Hall of Fame: Dave’s Choice – Saint Celestine

Hello everyone and welcome to a new ongoing semi-regular series that we are doing about our favourite models. You know how it is, you’re sat round with your hobby-bro’s reminiscing about games and that time that you did that thing, when someone suddenly says “Man, I love this model”. Well, this is the internet version of that. The idea is that each of the Warbasterds chooses their favourite mini from each of the main games that GW has produced, as well as one from the Specialist Game range, and then waxes lyrical about it briefly while shooting their love of the model all over the place in arcing ropes of hobby fandom like excited teens.

So, that’s a model each for Warhammer 40,000, Warhammer Fantasy and the Specialist Games.

What’s that you ask? Where’s the Lord Of The Rings range? Shut your dirty-whore mouth, we don’t talk about that here.

Alright, lets get this show on the road with my first choice:

Warhammer 40,000: Saint Celestine.


I’m not even going to say anything for second. Just look at her. Take it all in. Take in the absolute perfection of that model, the absolute encapsulation of 40k in a single mini.

I’ve always been a fan of the Sisters of Battle range – armoured boobies aside, it’s a really nice idea for an army and one that shows the sneaky political side of the Ecclesiarchy perfectly.

“No men at arms for the Church – haha, that’s your power ruined!”
“No men….let me clarify this, no men at arms right?”
“Yup, sucks to be you!”
“How about these women? They aren’t men…”

As a range, they also embody the sci-fi/religion fusion that is the Imperium wonderfully, every model armoured up in baroque power armour and strung with religious symbols. For me, Celestine is the pinnacle of that range, the weird sci-fi fantasy mish-mash that is 40k distilled into a single model. First and foremost, it’s a lovely sculpt, crisp details, smooth lines and a simplicity to both the pose and design that can be lacking from GW’s recent efforts. More than any other Imperial model, it is the perfect example of the contrasts within the Imperium – serene religious posing within heavy enclosing armour, the classic medieval armoured look partnered with random wiring and those creepy haemonculus Cherubs. Even the premise of the model is one of contrasts – a Living Saint of the Emperor, born and dying upon the battlefield. What could more perfectly represent the vast oxymoronical state that is the Imperium?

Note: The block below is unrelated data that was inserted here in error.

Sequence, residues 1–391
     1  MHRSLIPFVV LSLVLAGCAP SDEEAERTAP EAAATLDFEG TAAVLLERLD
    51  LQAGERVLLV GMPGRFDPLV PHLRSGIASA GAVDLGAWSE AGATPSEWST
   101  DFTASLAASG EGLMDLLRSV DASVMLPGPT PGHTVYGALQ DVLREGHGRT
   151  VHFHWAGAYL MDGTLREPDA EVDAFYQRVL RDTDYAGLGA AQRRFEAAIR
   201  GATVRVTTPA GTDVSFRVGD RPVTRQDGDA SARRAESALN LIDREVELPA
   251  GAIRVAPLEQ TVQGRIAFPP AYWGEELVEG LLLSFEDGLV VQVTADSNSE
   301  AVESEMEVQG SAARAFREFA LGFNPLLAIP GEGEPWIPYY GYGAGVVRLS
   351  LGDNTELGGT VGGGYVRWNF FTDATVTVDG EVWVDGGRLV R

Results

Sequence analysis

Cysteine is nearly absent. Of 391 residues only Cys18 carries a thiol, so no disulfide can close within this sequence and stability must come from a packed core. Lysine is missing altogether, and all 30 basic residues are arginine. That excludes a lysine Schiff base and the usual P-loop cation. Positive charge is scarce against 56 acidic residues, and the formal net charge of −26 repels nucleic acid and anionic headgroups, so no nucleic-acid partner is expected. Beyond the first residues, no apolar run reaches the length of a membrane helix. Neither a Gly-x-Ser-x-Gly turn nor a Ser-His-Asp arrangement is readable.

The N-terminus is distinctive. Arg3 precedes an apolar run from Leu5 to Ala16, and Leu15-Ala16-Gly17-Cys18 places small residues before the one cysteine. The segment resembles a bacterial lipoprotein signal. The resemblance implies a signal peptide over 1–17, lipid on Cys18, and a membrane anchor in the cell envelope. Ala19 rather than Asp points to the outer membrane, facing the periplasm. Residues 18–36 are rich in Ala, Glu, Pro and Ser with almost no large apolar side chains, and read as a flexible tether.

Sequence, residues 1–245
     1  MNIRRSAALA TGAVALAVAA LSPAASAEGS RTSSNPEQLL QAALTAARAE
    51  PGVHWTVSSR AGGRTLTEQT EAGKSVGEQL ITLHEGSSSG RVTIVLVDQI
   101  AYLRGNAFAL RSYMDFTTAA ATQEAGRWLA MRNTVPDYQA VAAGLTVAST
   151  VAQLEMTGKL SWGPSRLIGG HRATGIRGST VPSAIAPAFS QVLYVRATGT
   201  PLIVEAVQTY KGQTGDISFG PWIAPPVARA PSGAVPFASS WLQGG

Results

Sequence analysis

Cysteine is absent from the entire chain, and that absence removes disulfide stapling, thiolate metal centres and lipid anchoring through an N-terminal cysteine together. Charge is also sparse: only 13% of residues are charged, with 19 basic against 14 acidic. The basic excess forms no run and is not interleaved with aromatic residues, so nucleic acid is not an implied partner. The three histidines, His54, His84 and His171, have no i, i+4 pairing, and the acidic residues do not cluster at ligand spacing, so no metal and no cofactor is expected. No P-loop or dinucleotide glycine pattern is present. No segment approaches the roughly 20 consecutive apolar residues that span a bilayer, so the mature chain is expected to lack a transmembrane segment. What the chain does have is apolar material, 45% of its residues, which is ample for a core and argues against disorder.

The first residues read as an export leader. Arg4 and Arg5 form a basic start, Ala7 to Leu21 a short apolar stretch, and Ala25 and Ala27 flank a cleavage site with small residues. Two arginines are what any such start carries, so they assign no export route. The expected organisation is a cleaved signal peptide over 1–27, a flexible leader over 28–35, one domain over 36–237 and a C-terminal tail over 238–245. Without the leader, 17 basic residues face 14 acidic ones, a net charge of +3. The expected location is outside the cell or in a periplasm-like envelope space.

There’s that classic saintly pose, arms open and head back in reflection, framed by the actual physical halo and the sweeping cloak echoing angelic wings. All too often character models are little whirlwinds of action, caught in the moment of swinging a blade or shouting orders – this is one of the rare models caught in a moment of relative calm and grace, and for me, it works beautifully.

And let’s not forget the little details. Little touches that really bring Celestine to life – her face just looks so calm and peaceful, I struggle to think of another character with both its eyes and mouth closed like that. Then there’s the dove held in one hand – incongruous yes, but it works with the rest of the model. My favourite touch is one of the simplest, the flowers around the hilt of her sword. Not only reinforcing the femininity of the model, but also reinforcing the religious and celebratory aspects of the model – it’s a Living Saint, something that be loved and praised by all citizens of the Imperium and pelted with votive offerings.

One of my markers for the greatness of a model is very simple – does it make want to paint it, even though I will never do an army for them? With Celestine, the answer is a resounding yes. All the madness and conflicting aspects of the Imperium distilled down into one single model, I think she is utterly perfect.

And yes, I am a little in love.

You may also like...